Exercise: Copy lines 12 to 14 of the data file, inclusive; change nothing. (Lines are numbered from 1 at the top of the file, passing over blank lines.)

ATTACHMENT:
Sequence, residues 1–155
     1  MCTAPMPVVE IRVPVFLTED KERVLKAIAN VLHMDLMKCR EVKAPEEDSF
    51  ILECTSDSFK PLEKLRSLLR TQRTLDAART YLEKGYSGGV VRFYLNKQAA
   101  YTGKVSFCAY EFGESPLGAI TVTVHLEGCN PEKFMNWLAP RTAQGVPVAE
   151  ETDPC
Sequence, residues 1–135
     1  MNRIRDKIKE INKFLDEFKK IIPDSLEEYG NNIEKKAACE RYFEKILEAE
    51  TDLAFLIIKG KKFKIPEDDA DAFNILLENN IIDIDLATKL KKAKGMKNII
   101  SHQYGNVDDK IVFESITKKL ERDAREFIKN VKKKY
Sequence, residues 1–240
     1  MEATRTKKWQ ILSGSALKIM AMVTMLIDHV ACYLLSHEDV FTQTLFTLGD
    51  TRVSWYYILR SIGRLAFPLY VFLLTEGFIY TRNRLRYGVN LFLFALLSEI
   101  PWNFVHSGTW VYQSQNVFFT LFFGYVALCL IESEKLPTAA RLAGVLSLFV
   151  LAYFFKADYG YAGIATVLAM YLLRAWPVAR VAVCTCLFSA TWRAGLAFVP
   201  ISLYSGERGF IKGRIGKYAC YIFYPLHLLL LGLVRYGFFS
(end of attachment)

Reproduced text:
    51  TRVSWYYILR SIGRLAFPLY VFLLTEGFIY TRNRLRYGVN LFLFALLSEI
   101  PWNFVHSGTW VYQSQNVFFT LFFGYVALCL IESEKLPTAA RLAGVLSLFV
   151  LAYFFKADYG YAGIATVLAM YLLRAWPVAR VAVCTCLFSA TWRAGLAFVP